3) COLORFUL, FRONTIER USED BISLEY WITH HOLSTER, .32-20, 4 3/4" BARREL, #310XXX, MADE 1909. This is a really great set that shows miles and miles of real cowboy usage! The grips on this Bisley fit nicely and are worn almost completely smooth on both sides. There are a couple of tiny chips on the corners, but they are basically sound. The metal is an uncleaned gray/brown patina showing no evidence of ever having been cleaned or scrubbed. All markings are good including the correct two line barrel address used on 4 3/4" barrels (5 1/2" and 7 1/2" had a one line address), screws are generally fine to excellent as is the cylinder pin. The front sight has not been filed or altered. matching serial numbers. There is some aged blue in the cylinder flutes and along the upper and lower flutes of the ejector housing. Tight action with four clicks to the hammer. The bore is about excellent with any roughness being very slight and surface. The double loop Mexican holster fits perfectly and looks like this Bisley was at home in it for many decades. The holster is in remarkably fine condition, but shows much wear- as does the revolver itself. A Colt factory letter might prove interesting on this one. $2150.

4) VERY FINE CONDITION SINGLE ACTION ARMY, .38-40, 5 1/2" BARREL, #308XXX, MADE 1909. Most of the Single Actions from this time period saw pretty hard use on ranches across the mid-west and western United States. This is especially true for the three most common larger calibers offered by Colt at the time- .38-40, .44-40 and .45 Colt. This example shows most of the blue on the barrel and cylinder with only light edge wear. The outside edge of the ejector housing shows good thinning blue with fine blue on the top and bottom flutes. The trigger guard, grip straps and butt also show fine deep blue with only light edge wear and minor thinning on the front strap and back strap. All markings are excellent as are the screw heads which also show fine blue. Good case colored frame with vivid color ahead of the cylinder, dark colors on the bottom part of the frame on both sides. Grips are excellent and fit perfectly. Good light case colors on the sides and back of the hammer, Tight action with four clicks to the hammer. About excellent bore and unaltered front sight. A really sharp, large caliber, 111 year old Colt Single Action Army! (4 photos) $4800.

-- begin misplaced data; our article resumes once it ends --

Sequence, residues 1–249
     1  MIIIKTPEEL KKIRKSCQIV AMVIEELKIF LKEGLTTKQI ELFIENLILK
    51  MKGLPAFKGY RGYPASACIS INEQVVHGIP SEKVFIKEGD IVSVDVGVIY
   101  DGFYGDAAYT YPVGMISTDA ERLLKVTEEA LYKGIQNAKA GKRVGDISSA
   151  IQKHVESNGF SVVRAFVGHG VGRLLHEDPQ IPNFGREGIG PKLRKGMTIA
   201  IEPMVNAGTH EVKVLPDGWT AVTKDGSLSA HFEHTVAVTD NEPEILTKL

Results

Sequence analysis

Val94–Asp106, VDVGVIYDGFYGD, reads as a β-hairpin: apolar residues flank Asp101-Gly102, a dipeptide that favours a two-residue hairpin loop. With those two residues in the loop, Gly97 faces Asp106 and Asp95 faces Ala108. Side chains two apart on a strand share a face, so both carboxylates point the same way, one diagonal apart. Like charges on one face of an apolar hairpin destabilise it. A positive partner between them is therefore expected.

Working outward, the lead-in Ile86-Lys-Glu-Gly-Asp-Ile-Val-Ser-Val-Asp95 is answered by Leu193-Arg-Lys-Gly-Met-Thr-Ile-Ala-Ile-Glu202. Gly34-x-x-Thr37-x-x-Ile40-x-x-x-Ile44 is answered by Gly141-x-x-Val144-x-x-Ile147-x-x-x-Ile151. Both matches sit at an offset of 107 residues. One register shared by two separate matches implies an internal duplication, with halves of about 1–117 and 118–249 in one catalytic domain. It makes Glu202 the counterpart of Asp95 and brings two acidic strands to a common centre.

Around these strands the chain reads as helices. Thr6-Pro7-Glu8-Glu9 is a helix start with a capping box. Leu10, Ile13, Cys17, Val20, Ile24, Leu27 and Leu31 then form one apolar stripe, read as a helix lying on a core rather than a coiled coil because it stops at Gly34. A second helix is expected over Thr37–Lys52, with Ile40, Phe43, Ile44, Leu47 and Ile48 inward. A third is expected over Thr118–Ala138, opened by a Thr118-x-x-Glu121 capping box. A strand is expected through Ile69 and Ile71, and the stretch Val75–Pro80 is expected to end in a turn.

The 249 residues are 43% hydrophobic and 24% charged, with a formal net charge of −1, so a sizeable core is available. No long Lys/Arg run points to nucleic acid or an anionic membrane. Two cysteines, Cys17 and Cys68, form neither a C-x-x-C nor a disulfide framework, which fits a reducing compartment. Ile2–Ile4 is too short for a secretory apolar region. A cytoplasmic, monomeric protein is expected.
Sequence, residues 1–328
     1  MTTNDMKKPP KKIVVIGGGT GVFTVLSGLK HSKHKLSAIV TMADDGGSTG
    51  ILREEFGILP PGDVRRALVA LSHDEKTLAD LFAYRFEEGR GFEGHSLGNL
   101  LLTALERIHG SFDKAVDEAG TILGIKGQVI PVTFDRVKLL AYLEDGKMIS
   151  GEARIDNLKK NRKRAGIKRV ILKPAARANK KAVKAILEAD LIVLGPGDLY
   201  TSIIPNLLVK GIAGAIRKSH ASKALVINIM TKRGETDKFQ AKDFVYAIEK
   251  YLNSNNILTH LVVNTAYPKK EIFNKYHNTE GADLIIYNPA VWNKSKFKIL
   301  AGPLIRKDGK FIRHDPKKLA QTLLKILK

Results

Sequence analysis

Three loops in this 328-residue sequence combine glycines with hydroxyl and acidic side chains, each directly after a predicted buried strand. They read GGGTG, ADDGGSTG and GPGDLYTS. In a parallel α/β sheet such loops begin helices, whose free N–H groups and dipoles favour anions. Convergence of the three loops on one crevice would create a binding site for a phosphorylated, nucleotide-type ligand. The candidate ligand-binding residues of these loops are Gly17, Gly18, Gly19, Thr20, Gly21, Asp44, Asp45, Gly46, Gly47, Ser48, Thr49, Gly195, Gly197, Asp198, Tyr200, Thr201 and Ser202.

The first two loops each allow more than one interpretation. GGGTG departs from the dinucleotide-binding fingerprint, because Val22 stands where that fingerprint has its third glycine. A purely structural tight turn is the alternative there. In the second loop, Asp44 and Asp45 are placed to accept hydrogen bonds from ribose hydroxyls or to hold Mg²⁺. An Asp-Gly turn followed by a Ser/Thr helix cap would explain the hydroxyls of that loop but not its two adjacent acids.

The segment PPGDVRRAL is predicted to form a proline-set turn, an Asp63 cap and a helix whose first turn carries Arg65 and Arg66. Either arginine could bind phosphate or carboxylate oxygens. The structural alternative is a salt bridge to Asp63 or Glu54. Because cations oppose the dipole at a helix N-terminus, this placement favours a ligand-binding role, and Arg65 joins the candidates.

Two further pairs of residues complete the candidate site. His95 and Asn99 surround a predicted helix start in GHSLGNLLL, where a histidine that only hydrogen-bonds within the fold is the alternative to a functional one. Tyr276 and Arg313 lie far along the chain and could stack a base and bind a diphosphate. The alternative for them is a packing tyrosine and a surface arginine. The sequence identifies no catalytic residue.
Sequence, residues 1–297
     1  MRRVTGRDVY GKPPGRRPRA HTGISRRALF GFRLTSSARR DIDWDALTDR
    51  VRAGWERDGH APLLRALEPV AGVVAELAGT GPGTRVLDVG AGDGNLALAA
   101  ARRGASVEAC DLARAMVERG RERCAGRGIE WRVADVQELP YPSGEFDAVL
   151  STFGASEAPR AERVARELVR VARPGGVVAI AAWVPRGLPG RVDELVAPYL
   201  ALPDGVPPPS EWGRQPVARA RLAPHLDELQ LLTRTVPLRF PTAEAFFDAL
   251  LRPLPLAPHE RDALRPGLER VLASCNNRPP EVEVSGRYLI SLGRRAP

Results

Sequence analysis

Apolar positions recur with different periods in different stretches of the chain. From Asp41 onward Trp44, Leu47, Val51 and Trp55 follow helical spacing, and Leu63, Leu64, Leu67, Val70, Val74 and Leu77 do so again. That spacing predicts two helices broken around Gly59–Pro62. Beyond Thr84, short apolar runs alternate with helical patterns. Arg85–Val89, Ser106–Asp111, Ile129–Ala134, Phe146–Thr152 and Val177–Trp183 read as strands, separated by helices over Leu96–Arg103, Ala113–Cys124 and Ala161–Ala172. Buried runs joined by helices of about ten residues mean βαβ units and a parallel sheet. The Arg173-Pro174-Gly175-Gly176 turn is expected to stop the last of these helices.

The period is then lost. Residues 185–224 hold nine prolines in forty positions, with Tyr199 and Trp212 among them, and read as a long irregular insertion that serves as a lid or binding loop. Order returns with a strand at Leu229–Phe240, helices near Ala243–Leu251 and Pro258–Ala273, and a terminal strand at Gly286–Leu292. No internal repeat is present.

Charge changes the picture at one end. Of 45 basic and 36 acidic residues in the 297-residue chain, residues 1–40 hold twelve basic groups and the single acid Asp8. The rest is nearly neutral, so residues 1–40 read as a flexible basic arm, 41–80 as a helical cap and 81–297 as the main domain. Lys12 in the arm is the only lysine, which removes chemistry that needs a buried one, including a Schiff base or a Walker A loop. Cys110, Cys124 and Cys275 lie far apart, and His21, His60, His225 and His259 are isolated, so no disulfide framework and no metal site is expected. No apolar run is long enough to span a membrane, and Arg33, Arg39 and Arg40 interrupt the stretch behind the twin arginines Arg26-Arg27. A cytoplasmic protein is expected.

5) BISLEY IN DESIRABLE .44-40 CALIBER WITH 4 3/4" BARREL, WITH COLT FACTORY LETTER, #259XXX, MADE 1904. The factory letter verifies the caliber, barrel length, blue finish etc. and states this revolver was in a shipment of 10 guns to Simmons Hardware Company, St. Louis, Missouri on October 3, 1904. Overall, a nice honest cowboy Colt that has seen use, but no abuse. Overall metal is a dark platina with some small amounts of blue around the rear section of the barrel, on the bottom of the barrel by the ejector housing, in the cylinder flutes and on the butt. The screw heads are all excellent, mechanically fine with only the very first click on the hammer gone, good lock up, front sight has not been filed or altered, fine bore is a little dark with strong rifling and any roughness minor. the grips are correct replacements and fit well with some small overhang at the bottom butt that could easily be polished down to fit better, but not bad as is. Fine markings including the two line barrel address used only on short barrels plus the "Bisley Model" and "COLT FRONTIER SIX SHOOTER" stamping on the left side of the barrel only used on the .44-40 caliber revolvers. Classic 117 year old .44-40 Bisley. (4 photos) $2495.

6) EXTREMELY RARE .32 CALIBER TARGET POLICE POSITIVE REVOLVER, #2XX007 (NAH, TOO EARLY FOR JAMES BOND), MADE 1925. The Police Positive Target revolvers in .22 Rim Fire are the standard for this model and even they are getting hard to find. This was Colt's answer to S&Ws .22/32 small frame target revolvers (Beckeart Model). Both companies turned out a few in .32 Center Fire and either is very scarce. The barrel on this one is stamped "POLICE POSITIVE .32 POLICE CTG." This is the .32 Colt New Police round which is identical to the S&W .32 Long except it was factory loaded with a flat nose bullet- both are interchangeable. This example is fitted with double-carved eagle motif ivory grips. In looking at them with a high powered magnifier under good light I can see fine grain that looks a bit "cross-hatched" which is the hallmark of wooly mammoth ivory- this is especially apparent on the upper edges. Also I did the "pin test" where one heats a sharp pin or needle with a match until the tip turns red, then place the tip on the surface of the inside of a grip panel. If the material is polymer or faux ivory, the pin will instantly melt into the grip. The pin I used several times did not melt into the grip. Also, the details of the eagle design are slightly different on each grip panel indicating that the could not have been "reverse molded." With this said, and the state of ivory today, I am not putting any additional value on the grips. The revolver shows excellent markings including the rampant colt on the left frame side. There is some extreme muzzle wear for about 3/8" on the left side and some very minor tiny spots of  blue wear on the barrel sides and a touch on the cylinder, but most of the bright Colt blue remains- even on the grip straps and butt. The hammer back and trigger show excellent fire-blue. Tight action, bright bore with perhaps a small surface spot or two that ought to scrub out. The front face of the cylinder retains about all the blue indicating that this revolver was shot very little.  Correct flat top frame and adjustable sights. These rarely come up for sale. (3 photos) $1695.